One visitor who used to be connected with Blairlodge School wrote to the Falkirk Herald to congratulate the owner and the local community:
“When I arrived at 3 o’clock the gates were just being opened to admit the public. I was astonished to see the great number of carriages from Falkirk, Grangemouth, Linlithgow, and other places in the vicinity. The visitors were very numerous, as you may have an idea of when I inform you that upwards of twenty-one pounds were drawn in sixpences at the gates. On my entering I was pleased beyond expression. I used to know the grounds well, but the change that they had undergone of late years can only be fully understood by those who knew Millfield and Parkhill in former days. Nature has done much, art not less. Indeed, the visitor will find at one place something resembling the style of Versailles, and at another place the mountain stream of Nonally. Here he will be surrounded by the same kind of scenery as is found in the sweet vales of Langollen and Ruthin, and there he will fancy himself wandering among the smooth cut grass and well kept walks of Furness Abbey. Everything throughout the whole of the grounds was in first-rate order; and in a few years, when the different plants shall have established themselves, and the appearance of newness shall have worn away, I confidently predict that Millfield and Parkhill will take a high stand as one of the best kept properties in the district. To be privileged to walk through them, minutely to examine and study whatever they contain, is a great boon of which the public ought to avail itself. It is of immense advantage to the young, whose eyes in early life should be accustomed to objects of neatness and beauty, order and uniformity...” (FH 18 September 1856, 3).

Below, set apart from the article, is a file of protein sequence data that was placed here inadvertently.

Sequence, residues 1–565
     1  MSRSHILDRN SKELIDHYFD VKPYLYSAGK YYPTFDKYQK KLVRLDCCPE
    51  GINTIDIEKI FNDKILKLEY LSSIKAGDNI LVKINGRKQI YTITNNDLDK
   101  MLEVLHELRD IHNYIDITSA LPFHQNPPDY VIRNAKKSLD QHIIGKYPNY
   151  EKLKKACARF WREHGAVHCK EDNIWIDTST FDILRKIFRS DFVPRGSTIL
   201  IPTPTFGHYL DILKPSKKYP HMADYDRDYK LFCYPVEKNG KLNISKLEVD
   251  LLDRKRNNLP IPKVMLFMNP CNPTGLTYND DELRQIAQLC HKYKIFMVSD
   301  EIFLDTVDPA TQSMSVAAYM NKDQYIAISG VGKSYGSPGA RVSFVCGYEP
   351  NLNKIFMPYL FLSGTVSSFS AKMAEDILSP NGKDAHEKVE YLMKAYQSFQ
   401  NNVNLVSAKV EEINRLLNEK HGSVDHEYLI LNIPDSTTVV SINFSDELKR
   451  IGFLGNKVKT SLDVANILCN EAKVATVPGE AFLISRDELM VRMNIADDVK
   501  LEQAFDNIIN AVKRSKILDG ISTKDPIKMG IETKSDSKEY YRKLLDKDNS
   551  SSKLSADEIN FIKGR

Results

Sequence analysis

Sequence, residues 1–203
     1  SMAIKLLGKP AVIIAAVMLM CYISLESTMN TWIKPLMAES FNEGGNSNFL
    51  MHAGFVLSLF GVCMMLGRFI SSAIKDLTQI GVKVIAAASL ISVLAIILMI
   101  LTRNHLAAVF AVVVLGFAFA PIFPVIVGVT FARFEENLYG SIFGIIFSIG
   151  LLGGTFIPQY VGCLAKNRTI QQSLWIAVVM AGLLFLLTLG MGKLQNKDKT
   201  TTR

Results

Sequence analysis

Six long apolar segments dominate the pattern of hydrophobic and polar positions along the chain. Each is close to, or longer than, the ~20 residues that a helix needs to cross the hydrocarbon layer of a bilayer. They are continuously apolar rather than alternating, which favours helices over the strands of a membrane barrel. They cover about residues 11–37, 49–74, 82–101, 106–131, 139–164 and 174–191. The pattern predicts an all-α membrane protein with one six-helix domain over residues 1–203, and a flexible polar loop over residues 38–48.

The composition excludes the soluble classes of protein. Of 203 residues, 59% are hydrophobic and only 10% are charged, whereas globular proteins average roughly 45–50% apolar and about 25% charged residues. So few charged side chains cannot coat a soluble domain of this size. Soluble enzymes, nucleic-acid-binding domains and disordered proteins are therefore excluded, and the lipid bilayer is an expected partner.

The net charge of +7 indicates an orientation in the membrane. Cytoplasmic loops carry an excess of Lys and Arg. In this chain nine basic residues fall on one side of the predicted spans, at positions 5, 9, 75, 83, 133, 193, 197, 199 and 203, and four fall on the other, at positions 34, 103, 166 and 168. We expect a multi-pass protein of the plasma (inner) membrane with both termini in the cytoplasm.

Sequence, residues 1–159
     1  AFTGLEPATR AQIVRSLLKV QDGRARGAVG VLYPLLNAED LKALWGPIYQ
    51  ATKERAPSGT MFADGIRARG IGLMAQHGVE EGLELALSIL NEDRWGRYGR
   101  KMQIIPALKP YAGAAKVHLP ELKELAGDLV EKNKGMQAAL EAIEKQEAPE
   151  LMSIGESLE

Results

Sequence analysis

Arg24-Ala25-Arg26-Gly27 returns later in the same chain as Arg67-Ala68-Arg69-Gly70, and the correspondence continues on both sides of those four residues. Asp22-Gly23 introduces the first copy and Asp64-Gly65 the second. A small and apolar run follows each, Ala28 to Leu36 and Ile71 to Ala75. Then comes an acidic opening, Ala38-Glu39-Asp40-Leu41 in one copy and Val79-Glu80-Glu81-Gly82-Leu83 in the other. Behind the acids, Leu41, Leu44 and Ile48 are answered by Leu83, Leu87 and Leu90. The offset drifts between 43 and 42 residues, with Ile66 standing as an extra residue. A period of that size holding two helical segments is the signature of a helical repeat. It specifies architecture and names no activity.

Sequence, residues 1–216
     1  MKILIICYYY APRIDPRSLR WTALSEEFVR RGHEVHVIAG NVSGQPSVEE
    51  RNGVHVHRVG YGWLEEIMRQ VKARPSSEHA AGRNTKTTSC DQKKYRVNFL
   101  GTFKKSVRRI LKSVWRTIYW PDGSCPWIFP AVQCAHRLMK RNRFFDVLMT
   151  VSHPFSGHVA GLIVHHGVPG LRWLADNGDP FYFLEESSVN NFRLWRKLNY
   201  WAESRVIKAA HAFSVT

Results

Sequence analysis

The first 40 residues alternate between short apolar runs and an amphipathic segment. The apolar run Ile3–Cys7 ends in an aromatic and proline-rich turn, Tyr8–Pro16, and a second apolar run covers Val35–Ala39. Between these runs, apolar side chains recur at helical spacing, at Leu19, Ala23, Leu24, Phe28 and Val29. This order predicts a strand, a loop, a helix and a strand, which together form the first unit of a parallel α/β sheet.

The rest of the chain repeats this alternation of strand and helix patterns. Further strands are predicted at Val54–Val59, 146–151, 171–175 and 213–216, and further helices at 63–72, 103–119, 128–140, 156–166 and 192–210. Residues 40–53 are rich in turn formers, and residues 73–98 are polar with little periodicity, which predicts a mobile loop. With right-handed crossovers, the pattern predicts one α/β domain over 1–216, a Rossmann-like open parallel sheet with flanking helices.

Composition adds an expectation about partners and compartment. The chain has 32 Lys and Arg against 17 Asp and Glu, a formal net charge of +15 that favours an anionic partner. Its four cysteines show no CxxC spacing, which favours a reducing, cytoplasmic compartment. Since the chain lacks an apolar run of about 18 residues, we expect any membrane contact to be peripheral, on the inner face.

The comment about the vegetation settling in was remarked upon a couple of years later by another visitor who noted that the vegetation on the rockery had vastly improved its aspect. He continued south from the rockery next to the pond –